He faked the flu during grade school to stay home and watch Dark Shadows. Barnabas Collins was the greatest. As a teen he cheered when the Night Stalker repeatedly bested the Chicago PD, and scoffed at the hapless reporter Kolchak. During the nineties he wore out multiple VHS copies of Salem’s Lot and The Lost Boys; today he owns boxed Blu-Ray sets of The Vampire Diaries.
Bram Stoker, Anne Rice, Peter Tonkin — he’s read them all. The walls of his house are covered with paintings and woodcut drawings of draugar, moroi, ramangi, and pijavicae. A Lestat shower curtain hangs in Vlad’s bath, a Nosferatu statue lurks above the fireplace.
Vlad even keeps a wooden stake in his nightstand, but knows in his heart he can never bring himself to use it.
His father named him Vladimir, not in recognition of the most famous vampire of all, Vlad the Impaler, but for the pianist Vladimir Horowitz, whom his father had once seen at Carnegie Hall.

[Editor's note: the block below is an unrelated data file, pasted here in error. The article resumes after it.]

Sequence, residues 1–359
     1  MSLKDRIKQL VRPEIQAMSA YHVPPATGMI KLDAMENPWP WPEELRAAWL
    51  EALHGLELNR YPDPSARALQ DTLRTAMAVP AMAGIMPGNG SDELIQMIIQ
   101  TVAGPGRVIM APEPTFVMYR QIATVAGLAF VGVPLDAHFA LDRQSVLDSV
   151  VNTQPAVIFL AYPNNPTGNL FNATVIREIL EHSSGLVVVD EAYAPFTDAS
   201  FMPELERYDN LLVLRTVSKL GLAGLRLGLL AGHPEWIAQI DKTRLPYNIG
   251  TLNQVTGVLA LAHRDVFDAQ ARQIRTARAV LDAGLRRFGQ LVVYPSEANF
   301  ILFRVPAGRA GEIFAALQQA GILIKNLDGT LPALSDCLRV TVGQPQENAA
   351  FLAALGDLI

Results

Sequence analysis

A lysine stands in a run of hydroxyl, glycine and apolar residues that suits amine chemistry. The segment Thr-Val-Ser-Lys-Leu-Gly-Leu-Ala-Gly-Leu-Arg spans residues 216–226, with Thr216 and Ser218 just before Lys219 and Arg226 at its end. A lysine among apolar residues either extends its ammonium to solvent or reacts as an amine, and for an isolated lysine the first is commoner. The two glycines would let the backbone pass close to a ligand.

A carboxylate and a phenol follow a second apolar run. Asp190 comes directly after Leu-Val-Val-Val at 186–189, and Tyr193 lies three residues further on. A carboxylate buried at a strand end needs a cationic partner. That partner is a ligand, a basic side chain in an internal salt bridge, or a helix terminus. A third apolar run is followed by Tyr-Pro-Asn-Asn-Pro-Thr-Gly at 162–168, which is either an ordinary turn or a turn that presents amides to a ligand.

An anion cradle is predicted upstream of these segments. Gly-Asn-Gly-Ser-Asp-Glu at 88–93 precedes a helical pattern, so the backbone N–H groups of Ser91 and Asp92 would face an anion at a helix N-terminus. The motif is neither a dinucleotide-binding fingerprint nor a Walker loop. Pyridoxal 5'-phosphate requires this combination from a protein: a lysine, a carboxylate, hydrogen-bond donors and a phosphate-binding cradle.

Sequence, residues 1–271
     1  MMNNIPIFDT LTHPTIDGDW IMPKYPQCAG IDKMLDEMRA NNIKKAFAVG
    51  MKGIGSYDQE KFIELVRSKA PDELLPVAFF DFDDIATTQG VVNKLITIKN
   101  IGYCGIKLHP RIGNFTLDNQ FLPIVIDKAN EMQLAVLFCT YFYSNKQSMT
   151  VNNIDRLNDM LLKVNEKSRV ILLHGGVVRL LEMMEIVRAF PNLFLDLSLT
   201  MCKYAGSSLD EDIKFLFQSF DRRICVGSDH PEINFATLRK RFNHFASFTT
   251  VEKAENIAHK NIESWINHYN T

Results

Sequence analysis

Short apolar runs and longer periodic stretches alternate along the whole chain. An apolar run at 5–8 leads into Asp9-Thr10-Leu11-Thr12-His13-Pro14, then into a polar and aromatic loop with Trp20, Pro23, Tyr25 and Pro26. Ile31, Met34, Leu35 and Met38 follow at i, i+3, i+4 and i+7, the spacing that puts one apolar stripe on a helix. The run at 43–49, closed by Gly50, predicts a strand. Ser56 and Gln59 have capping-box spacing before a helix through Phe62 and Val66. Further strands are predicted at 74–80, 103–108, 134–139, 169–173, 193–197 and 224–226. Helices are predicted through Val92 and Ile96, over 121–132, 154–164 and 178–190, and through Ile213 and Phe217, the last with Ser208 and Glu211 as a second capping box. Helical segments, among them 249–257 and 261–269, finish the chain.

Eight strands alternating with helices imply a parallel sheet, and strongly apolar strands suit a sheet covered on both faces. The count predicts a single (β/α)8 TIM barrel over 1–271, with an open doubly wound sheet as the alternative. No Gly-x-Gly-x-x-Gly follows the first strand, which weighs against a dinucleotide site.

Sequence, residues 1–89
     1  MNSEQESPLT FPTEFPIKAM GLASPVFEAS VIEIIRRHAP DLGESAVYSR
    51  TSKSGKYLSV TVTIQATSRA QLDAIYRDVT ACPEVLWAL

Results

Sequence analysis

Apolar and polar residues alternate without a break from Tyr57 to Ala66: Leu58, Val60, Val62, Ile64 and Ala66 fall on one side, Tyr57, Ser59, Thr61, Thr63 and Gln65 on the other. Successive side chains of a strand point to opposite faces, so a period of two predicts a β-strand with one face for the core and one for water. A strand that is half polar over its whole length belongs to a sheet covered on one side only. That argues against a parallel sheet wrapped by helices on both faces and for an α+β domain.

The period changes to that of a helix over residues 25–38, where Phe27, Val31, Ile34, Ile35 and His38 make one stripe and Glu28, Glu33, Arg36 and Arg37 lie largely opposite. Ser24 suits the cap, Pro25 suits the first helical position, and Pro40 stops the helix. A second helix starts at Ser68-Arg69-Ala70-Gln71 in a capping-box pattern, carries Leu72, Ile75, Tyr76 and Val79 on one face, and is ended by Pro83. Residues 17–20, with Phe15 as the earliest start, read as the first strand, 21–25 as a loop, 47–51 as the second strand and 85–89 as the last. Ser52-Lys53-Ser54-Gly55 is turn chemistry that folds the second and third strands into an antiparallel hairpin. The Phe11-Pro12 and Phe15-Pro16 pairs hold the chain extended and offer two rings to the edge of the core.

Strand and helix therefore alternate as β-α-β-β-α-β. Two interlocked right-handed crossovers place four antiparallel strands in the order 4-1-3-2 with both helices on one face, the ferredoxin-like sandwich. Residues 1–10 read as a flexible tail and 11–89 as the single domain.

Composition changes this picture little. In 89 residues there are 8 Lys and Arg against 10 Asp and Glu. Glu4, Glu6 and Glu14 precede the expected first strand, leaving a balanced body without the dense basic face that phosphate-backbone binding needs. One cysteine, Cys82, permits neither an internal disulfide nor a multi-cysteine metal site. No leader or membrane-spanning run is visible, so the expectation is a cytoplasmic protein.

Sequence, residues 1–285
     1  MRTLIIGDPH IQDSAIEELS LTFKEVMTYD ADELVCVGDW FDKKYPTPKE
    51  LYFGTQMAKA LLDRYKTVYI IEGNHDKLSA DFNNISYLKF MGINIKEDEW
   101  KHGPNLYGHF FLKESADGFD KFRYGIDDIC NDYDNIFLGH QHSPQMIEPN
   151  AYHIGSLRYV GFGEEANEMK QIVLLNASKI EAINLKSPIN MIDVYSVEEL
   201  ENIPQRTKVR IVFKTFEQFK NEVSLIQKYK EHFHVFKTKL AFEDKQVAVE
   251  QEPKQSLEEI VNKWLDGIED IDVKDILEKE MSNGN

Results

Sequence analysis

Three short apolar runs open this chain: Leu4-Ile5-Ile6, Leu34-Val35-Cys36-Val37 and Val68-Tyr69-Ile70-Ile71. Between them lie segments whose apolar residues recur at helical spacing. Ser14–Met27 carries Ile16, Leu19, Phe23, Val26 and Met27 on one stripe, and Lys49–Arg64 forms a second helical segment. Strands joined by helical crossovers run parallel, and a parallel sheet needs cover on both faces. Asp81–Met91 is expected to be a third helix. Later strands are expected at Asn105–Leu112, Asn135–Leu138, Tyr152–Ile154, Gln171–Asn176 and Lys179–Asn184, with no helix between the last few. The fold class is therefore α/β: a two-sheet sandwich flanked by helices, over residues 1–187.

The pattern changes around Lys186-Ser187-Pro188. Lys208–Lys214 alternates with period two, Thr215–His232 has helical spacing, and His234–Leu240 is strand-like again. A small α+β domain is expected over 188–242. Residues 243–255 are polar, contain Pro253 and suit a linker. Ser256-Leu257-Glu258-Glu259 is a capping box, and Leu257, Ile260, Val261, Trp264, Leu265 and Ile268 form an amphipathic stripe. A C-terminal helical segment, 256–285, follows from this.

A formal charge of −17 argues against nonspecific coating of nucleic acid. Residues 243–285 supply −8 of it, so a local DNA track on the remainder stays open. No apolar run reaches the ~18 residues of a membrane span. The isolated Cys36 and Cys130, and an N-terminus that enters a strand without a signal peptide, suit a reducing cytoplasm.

Read the rest: https://everydayfiction.com/fat-vlad-by-kip-hanson/
It was the stupid commercial that finally pushed her over the edge. The hot office broad, up on her desk like a pole dancer, and those goofy executive types leering at her. Be more attractive to your employers, it said, and I laughed.
Rachel jumped up off the couch and took a few jerky steps toward the kitchen. I thought at first she was going for more snacks. Then she turned on me, hair flying around her head in a pale yellow storm.
“You goddamned men. You’re all the same.”
I didn’t stand a chance. “Rach…it was just a commercial. What’s the big deal?” Is this another one of your rape things? I almost said.